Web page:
More / Book of the Month / Sermon / Pr. Lucas Albrecht/ Season Of Pentecost Proper 17 Sunday September 03rd 2017 - / Matthew 16:21-28 / Deny yourself

Sermon / Pr. Lucas Albrecht/ Season Of Pentecost Proper 17 Sunday September 03rd 2017 - / Matthew 16:21-28 / Deny yourself

Sermon / Pr. Lucas Albrecht/ Season Of Pentecost Proper 17 Sunday September 03rd 2017 - / Matthew 16:21-28 / Deny yourself

Text: Matthew 16.21-28
Theme: Deny yourself
Intr –  The Diomede Islands. Have you ever heard about them?

              I invite you to picture the image. The Diomede Islands consist of two rocky islands: The Russian island of Big Diomede. The American island of Little Diomede. The Diomede Islands are located in the middle of the Bering Strait between mainland Alaska and Siberia, which borders with the Chukchi Sea to the north and the Bering Sea to the south.

Now, because they are separated by the International Date Line, Big Diomede is almost a day ahead of Little Diomede; due to locally defined time zones, Big Diomede is 21 hours ahead of Little Diomede. Because of this the islands are sometimes called Tomorrow Island (Big Diomede) and Yesterday Island (Little Diomede).

At their closest points, the two islands are about 3.8 km (2.4 mi) apart.[1] During winter, an ice bridge usually spans the distance between these two islands; therefore during such times it is theoretically possible (although not legal, since travel between the two islands is forbidden) to walk between the United States and Russia.[2]

         Now think how crazy that is. Two islands in the Behring strait, only 2,4 miles apart. During winter you could even walk from one to the other over the ice bridge that forms there. Because of an international time line drawn right in between them though, they sit 21 hours apart from each other. If you are in big Diomede and get across to the little Diomede, you go back in time. If you do the other way around, you jump ahead almost a day. They are almost the same. But they have this oddity of time between them.  
         Why do I bring this up? Because in today’s Gospel, we see something that looks like this. Only that it is not an Island, but a Rock. Petrus. That is, Saint Peter. Last Sunday, we saw Big Saint Peter confessing Christ as the Messiah. Now, the portion of text that sits right by its side shows almost an abyss of distance - Little Peter. Here he is trying to give some advice Jesus on how the Saviour should behave in the face of trial, and temptation; so little was Peter that Jesus calls out Satan in him!

 Sermon / Pr. Lucas Albrecht/ Season Of Pentecost Proper 17 Sunday September 03rd 2017 - / Matthew 16:21-28 / Deny yourself - Image 2

1 -    Peter looks also like us. Even as Christians, sometimes we jump back in time. We go from big to small, jumping from tomorrow to yesterday. We fall back in sin. We think we can figure out everything to the point that we can even counsel God on how things should be.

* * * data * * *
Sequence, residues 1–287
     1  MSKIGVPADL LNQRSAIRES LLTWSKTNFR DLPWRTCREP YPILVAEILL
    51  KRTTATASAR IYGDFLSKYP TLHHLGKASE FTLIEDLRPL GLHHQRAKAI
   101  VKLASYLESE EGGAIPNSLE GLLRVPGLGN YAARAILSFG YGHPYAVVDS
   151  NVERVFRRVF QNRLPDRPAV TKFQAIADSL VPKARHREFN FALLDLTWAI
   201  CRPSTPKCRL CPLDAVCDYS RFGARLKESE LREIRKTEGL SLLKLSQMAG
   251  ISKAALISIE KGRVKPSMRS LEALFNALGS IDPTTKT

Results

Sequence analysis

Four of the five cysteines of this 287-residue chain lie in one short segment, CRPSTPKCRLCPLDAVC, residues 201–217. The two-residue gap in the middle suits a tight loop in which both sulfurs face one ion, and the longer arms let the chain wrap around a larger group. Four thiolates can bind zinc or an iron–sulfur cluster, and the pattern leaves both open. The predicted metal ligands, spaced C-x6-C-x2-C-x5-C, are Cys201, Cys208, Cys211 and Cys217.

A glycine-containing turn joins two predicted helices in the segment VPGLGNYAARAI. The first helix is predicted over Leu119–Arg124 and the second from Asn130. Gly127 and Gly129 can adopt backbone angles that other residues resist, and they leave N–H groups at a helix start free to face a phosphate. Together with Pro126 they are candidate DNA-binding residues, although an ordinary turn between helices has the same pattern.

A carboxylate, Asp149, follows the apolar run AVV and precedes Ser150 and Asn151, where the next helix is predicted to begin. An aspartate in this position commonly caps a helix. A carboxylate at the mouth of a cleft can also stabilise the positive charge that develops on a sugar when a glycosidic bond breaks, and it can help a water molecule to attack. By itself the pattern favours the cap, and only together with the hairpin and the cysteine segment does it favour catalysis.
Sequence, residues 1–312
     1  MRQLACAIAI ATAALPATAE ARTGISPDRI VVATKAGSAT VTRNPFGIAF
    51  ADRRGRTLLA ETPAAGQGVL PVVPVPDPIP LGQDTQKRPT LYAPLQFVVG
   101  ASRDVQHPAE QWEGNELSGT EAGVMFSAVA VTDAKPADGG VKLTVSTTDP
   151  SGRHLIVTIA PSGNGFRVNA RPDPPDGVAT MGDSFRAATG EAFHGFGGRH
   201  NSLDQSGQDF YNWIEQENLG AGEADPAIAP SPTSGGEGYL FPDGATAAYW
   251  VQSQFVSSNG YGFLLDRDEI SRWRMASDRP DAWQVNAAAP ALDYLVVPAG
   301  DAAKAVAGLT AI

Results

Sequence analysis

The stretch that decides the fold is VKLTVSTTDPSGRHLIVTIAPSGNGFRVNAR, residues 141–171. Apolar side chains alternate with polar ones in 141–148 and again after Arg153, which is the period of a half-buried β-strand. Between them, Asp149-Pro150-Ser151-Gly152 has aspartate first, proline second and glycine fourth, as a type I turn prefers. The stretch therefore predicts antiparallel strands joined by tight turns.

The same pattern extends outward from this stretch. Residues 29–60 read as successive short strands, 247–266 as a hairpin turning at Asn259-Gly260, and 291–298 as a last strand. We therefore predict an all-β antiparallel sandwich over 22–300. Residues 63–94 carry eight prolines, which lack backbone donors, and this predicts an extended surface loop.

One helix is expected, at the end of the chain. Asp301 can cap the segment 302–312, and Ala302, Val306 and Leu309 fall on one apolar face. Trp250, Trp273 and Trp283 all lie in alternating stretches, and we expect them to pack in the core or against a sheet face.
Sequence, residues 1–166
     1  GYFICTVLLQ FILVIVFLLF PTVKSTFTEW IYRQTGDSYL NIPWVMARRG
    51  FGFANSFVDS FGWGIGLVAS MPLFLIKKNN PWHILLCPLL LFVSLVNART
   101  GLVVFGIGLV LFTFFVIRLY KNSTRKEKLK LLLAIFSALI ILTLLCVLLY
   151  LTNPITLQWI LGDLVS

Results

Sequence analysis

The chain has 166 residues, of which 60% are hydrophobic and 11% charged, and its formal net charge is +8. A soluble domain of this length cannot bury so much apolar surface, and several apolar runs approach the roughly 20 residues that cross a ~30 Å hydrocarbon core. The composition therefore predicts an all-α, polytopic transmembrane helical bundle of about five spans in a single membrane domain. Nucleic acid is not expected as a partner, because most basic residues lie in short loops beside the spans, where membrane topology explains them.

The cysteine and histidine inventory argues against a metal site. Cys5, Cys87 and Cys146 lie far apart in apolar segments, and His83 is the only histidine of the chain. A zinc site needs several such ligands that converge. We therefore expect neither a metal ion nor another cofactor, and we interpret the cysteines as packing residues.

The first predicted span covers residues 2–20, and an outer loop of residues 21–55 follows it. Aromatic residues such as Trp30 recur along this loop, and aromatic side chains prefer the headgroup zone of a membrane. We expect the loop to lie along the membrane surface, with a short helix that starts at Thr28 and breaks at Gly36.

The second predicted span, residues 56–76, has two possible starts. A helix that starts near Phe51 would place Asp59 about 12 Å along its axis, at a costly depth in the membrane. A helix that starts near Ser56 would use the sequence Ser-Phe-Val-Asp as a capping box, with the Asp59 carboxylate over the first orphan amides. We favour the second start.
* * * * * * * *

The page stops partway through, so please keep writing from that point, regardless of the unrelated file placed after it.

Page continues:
-When we see a storm like Harvey;
-When a young person dies;     
-When someone we love is diagnosed with bad news;
-When things do not happen the way we think they should.
         Then, thinking that we already know what justice, fairness, equality and good sense is all about, we start lecturing about how thing should or must have been. We try even to read the mind of God to say things we shouldn’t. Things that sometimes hurt even more, instead of bringing comfort.

         This is us. Small like an island. But thinking that we are as big as the whole world. Yes, for when human beings using the fullest of their intelligence think they have everything figured out; whenever they conclude from their own reasoning that this or that cannot be true since it does not make sense to them; whenever we declare rights and wrongs about God’s actions, we are excluding the possibility that God might as well be bigger than the thoughts of our mind, that there’s is much more out there than the limits of our island-sized limited way of thinking. If I can determine God’s size based only in what I can conceive, then I am God. There’s nothing bigger.

         That’s little Peter. Trying to know more than Jesus himself how things should be. That’s little us. Thinking that we have already everything figured out, and dismissing whatever clashes against our pre-conceived ideas, or the values of the moment. And then, we also fall back into yesterday, which always lies less than a couple miles away -  Sin. Then, we are miles away from the truth. Even when it is just at hand.

2 – Christ puts things into perspective. “If you want to follow me. Deny yourself. Take your cross. Follow me.” Peter, and the rest of the 12 –and us! -, are being counselled to stop trying to figure out how they think things should be and take them as they are. In this case: faith receives opposition. So it was. So it is. So it will be.

We are shown that there can be a whole world of distance between our small discernment and God’s Big wisdom, love and care. So we should stop trying to get everything inside the box. We are nothing more than islands in an ocean of unawareness. How can we say that this or that must not be true, or is or is not God’s will just because it doesn’t fit within the borders of our known land?